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Publication numberUS3477792 A
Publication typeGrant
Publication dateNov 11, 1969
Filing dateDec 5, 1967
Priority dateDec 5, 1967
Publication numberUS 3477792 A, US 3477792A, US-A-3477792, US3477792 A, US3477792A
InventorsShore Sidney X
Original AssigneeShore Sidney X
Export CitationBiBTeX, EndNote, RefMan
External Links: USPTO, USPTO Assignment, Espacenet
Retractable marking pens
US 3477792 A
Abstract  available in
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Claims  available in
Description  (OCR text may contain errors)

Nov. 11, 1969 s. X. SHORE RETRACTABLE MARKING PENS Filed Dec. 5, 1967 United States Patent 3,477,792 RETRACTABLE MARKING PENS Sidney X. Shore, 29 Wren Drive, Roslyn, N.Y. 11576 Filed Dec. 5, 1967, Ser. No. 688,162 Int. Cl. B43k 5/16 U.S. Cl. 401-109 6 Claims ABSTRACT OF THE DISCLOSURE A retractable pen includes a cartridge having a bundle of filaments ending in a writing tu-ft. A tube contains the bundle of filaments. The tube is of one diameter where it is slidably guided in a bore at the writing end of the pen barrel. Adjacent the writing tuft, the tube has a reduced diameter portion whose length is several times its diameter. The construction accommodates spreading of writing fluid on the reduced-diameter portion of the tube without danger of transfer to the pen barrel when the writing tip is retracted.

The present invention relates to pens of the so-called marking pen type, and more particularly to retractable marking pens.

For many years, so-called markers have been available for making broad marks, especially signs. Markers have an ink container in the handle, a felt writing wick, and a cap. Compared to usual pens, markers make a very broad line. In recent years markers have been devised having a small bundle of durable filaments as the writing point, such as nylon filaments. As a result, markers have become marking pens. The line made by such a pen is but little heavier than the usual line of a ballpoint pen or a fountain pen.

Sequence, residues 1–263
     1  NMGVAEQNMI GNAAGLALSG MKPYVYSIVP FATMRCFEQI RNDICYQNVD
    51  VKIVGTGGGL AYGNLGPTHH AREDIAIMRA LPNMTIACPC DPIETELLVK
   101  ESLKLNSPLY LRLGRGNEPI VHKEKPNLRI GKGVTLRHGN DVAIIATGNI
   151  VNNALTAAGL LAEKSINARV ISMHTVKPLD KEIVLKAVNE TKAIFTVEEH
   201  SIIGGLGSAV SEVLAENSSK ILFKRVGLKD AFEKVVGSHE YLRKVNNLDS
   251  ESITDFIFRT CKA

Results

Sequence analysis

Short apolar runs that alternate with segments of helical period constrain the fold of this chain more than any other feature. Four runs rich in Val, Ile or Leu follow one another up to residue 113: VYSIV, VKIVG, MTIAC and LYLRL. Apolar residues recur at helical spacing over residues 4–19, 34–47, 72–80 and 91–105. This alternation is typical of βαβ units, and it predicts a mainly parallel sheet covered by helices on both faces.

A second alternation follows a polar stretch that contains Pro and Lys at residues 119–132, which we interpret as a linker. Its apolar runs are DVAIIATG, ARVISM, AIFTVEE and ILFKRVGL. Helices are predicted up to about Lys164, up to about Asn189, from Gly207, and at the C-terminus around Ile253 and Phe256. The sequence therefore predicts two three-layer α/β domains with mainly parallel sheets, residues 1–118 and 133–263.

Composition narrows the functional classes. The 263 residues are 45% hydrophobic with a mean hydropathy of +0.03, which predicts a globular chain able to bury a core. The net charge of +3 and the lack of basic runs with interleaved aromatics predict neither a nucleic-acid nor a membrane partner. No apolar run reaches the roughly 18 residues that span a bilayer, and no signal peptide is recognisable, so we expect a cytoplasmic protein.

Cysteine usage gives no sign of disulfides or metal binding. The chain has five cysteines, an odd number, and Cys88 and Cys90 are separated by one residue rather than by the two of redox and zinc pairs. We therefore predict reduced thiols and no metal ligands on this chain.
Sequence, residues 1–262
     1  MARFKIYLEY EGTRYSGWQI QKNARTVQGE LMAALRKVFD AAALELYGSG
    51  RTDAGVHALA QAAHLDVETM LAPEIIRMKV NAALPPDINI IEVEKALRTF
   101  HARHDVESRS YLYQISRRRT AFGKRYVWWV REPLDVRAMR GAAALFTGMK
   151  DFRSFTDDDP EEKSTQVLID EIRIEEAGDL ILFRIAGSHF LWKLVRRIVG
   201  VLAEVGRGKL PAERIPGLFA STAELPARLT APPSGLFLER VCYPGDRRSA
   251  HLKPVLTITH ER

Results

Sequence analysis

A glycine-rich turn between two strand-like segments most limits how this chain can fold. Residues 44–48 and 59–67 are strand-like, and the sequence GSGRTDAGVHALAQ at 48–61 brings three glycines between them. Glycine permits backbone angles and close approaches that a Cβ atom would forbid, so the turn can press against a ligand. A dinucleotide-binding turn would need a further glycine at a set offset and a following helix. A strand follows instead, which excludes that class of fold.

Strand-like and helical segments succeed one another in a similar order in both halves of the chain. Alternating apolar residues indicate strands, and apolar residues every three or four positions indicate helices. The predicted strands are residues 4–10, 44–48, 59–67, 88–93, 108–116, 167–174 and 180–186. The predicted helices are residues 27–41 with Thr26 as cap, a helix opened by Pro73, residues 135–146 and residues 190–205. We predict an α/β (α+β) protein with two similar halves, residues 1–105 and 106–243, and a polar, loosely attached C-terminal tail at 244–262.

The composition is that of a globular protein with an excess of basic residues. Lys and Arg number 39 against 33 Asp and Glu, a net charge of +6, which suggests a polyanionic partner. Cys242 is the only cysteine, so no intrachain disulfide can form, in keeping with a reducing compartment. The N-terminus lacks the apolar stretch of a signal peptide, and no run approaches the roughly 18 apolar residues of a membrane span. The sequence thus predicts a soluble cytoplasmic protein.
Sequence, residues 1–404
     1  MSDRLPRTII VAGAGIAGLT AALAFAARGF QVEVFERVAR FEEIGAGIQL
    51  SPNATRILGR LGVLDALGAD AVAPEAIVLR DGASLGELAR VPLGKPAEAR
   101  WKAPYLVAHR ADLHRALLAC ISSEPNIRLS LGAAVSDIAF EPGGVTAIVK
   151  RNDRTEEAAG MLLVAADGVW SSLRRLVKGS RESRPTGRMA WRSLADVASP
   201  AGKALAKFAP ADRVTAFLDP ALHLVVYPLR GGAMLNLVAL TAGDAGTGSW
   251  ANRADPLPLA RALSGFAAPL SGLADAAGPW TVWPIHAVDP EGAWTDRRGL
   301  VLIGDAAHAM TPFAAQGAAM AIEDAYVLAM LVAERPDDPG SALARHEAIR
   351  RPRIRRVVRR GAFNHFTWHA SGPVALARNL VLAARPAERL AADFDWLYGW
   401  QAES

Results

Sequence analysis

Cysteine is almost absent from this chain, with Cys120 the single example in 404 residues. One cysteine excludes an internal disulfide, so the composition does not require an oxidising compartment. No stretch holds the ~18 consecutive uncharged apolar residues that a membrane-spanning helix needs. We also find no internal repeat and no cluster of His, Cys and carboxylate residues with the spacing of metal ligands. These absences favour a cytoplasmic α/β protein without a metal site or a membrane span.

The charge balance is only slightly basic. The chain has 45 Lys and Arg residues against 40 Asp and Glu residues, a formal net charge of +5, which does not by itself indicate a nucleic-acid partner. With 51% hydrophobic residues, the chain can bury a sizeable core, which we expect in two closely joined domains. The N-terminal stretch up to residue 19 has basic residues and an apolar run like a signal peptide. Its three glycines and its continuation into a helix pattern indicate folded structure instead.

Marking pens use a form of fluid that reaches the writing tip from a reservoir by capillary action. The reservoir ordinarily cannot be replenished with marking fluid by the user. When the supply of marking fluid is exhausted, the pen is discarded, or, in case the pen has a replaceable refill or cartridge, the refill is replaced when the fluid supply is gone.

Marking pens that used replaceable refills have been available in the retractable form, so that the writing tip can be shifted to a safe position within the pen barrel. The intention is to enable the user to put the pen in his pocket, often the breast pocket of a shirt, without marking the shirt. Unfortunately, only a limited amount of fluid can be loaded into the reservoir of a retractable marking pen, compared to markers that use a protective cap over the writing tip. This is because the fluid often tends to accumulate externally near the writing tip and spread about the tube that supports the porous or multifilament tip. Then, when the tip is retracted, any marking fluid that did spread to the guide tube would be wiped off by the tip of the pen barrel. The tendency of the fluid to spread in this way is avoided by sharply limiting the amount of fluid in the reservoir. Accordingly, the refill must be replaced much sooner than would be needed were there an ample amount of fluid in the reservoir.